The Republican Convention of 1912 looks a lot like what is happening today: power plays by the establishment’and arguments about the role of regulation of business. (More)
How did I stumble upon the similarities? My great-grandfather was a Republican and the Speaker of the Minnesota House of Representatives. He was a delegate to the 1912 Convention in Chicago. I have his delegate’s badge and some tickets and went on an internet search to determine if they had any value. I became captivated by the stories of the Republican disarray of 1912. The themes of 1912 were the role of regulations, how to give labor a fair voice, activist judges, conservation and the party powerful swinging the delegates their way. Echoes that are still being discussed today.
Theodore Roosevelt chose Taft as his successor when he left the Presidency in 1909. The Simithsonian Magazine says:
Roosevelt had advocated a “Square Deal” between capital and labor in American society. By the time he left the White House in March 1909, Roosevelt believed that the federal government must do more to supervise large corporations, improve the lot of women and children who worked long hours for low wages in industry, and conserve natural resources. “When I say that I am for the square deal, I mean not merely that I stand for fair play under the present rules of the game, but that I stand for having those rules changed so as to work for a more substantial equality of opportunity and of reward for equally good service,” he said in August 1910.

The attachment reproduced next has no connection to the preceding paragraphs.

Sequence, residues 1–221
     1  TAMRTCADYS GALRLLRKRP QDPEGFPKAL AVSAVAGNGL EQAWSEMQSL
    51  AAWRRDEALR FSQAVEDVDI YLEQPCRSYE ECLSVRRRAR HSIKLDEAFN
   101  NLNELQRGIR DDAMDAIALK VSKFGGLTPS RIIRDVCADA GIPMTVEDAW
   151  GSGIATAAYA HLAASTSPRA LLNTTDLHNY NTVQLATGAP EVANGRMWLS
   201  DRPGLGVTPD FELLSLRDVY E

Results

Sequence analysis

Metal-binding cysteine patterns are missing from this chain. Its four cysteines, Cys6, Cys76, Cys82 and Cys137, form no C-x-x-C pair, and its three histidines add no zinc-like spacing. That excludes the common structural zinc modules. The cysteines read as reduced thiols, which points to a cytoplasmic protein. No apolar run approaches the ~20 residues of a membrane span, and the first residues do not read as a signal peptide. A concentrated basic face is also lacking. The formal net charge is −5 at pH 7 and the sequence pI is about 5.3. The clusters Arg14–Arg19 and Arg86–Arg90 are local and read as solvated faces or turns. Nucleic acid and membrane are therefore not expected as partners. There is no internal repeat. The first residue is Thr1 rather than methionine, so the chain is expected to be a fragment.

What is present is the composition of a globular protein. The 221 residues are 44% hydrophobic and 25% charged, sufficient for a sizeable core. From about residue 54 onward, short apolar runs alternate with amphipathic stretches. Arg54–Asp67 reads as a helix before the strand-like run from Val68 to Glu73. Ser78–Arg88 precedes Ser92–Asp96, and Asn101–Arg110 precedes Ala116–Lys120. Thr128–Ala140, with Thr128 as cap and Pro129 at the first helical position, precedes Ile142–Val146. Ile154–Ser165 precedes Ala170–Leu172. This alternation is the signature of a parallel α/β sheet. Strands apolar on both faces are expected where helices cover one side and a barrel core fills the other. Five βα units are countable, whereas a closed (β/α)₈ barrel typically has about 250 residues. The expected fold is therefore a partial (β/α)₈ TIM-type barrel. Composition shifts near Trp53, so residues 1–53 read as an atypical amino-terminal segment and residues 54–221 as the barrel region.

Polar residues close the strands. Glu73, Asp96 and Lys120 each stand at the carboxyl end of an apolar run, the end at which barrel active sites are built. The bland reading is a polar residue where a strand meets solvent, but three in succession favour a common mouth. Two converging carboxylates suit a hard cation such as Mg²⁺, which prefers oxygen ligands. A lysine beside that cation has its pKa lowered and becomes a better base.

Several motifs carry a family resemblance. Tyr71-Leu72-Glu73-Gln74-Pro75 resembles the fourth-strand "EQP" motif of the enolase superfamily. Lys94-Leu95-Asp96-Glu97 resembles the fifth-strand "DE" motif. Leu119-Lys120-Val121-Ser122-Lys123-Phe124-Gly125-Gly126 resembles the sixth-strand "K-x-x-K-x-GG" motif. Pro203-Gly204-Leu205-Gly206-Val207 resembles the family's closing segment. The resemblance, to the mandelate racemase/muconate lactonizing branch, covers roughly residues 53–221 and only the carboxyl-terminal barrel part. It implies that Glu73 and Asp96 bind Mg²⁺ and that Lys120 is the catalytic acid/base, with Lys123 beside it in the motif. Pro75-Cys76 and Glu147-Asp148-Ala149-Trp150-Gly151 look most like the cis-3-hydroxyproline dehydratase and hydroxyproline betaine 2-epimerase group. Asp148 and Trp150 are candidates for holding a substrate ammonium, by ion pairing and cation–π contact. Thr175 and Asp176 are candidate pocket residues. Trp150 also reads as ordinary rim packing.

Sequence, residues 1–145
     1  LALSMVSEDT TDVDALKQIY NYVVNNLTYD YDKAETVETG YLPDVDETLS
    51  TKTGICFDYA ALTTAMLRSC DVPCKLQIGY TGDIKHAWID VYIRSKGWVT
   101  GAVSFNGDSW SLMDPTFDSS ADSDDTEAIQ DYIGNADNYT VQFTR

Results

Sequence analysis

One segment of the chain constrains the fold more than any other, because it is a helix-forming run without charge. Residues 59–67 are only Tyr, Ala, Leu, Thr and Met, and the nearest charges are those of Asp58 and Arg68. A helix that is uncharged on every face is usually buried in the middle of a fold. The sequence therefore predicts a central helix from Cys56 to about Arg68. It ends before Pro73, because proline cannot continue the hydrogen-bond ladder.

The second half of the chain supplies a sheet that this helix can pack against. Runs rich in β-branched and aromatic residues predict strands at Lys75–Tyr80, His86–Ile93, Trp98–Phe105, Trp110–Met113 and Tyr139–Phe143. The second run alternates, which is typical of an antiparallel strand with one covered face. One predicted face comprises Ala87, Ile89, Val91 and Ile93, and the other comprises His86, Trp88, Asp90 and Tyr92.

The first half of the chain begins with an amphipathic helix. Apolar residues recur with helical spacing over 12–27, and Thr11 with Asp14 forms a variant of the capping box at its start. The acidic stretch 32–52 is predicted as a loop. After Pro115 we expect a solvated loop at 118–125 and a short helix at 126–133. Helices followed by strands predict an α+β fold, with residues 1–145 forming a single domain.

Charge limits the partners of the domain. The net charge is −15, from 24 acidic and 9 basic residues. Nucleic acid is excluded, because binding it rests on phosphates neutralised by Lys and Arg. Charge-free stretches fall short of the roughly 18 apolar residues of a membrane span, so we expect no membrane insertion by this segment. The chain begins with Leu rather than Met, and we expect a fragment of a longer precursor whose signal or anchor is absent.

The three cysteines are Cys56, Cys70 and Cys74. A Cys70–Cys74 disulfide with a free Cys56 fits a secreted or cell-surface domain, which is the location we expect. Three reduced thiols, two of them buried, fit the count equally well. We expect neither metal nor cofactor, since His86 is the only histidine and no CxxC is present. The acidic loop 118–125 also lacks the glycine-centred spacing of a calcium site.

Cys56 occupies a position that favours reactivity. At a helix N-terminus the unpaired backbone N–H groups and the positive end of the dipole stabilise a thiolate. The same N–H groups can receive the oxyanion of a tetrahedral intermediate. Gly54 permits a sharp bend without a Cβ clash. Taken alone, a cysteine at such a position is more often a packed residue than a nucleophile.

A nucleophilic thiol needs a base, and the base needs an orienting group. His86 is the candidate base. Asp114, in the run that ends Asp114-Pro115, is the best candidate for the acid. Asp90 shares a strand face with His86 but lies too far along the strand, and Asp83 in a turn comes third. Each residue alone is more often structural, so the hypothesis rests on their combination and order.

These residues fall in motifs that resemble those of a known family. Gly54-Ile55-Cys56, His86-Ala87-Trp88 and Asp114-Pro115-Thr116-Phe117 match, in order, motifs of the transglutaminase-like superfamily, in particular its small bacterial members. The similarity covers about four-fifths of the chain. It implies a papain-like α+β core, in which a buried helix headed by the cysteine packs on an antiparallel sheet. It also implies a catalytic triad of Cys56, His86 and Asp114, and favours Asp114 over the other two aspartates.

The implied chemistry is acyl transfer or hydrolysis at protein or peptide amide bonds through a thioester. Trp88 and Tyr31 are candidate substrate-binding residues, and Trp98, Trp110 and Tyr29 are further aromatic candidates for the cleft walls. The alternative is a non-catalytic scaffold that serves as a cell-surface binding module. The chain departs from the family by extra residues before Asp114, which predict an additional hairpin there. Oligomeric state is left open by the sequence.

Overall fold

Taft was from the more conservative wing of the Republican Party and thought his good friend Theodore had lost it. They strongly disagreed about the role of the courts in reform. (Hello Citizen’s United.)
With the courts tamed as an enemy to reform, Roosevelt then would press forward “to see that the wage-worker, the small producer, the ordinary consumer, shall get their fair share of the benefit of business prosperity.”
The social justice that Roosevelt sought involved, in Taft’s opinion, “a forced division of property, and that means socialism.”
The name calling was a bit more genteel in 1912. I don’t have a clue how to evaluate these insults:
Roosevelt described Taft as a “puzzlewit,” while the president labeled Roosevelt a “honeyfugler.”
When Roosevelt had won all the primaries with the exception of Massachusetts, Taft mobilized the party machinery to secure delegates from states without primaries to vote for him. Roosevelt took his delegates out of the process and started the ‘Bull Moose Party.”
The end result, Woodrow Wilson was elected President in 1912. Ideological purity tests are not new.
Yet, for Republicans who supported Taft, the electoral defeat was worth the ideological victory. As a Republican observed during the campaign: “We can’t elect Taft & we must do anything to elect Wilson so as to defeat Roosevelt.”
I have no idea how my great-grandfather weighed in on all this. I do know, from a scrapbook of newspaper clippings that when the Minnesota House was tied on the wets vs the dries on the prohibition question that he cast the deciding vote for the wets. I gave all his diaries to the Minnesota Historical Society. They were initially polite but skeptical. As I started to point out his role in government and the fact that he was a compulsive recorder of everything, they went from ‘eh’ to “How cool is this!”
Fascinating that the big questions of governments role keep getting asked and answered, asked and answered again. I hope the Democrats have a cushion of some sort of third party in 2012. That would be a very nice echo.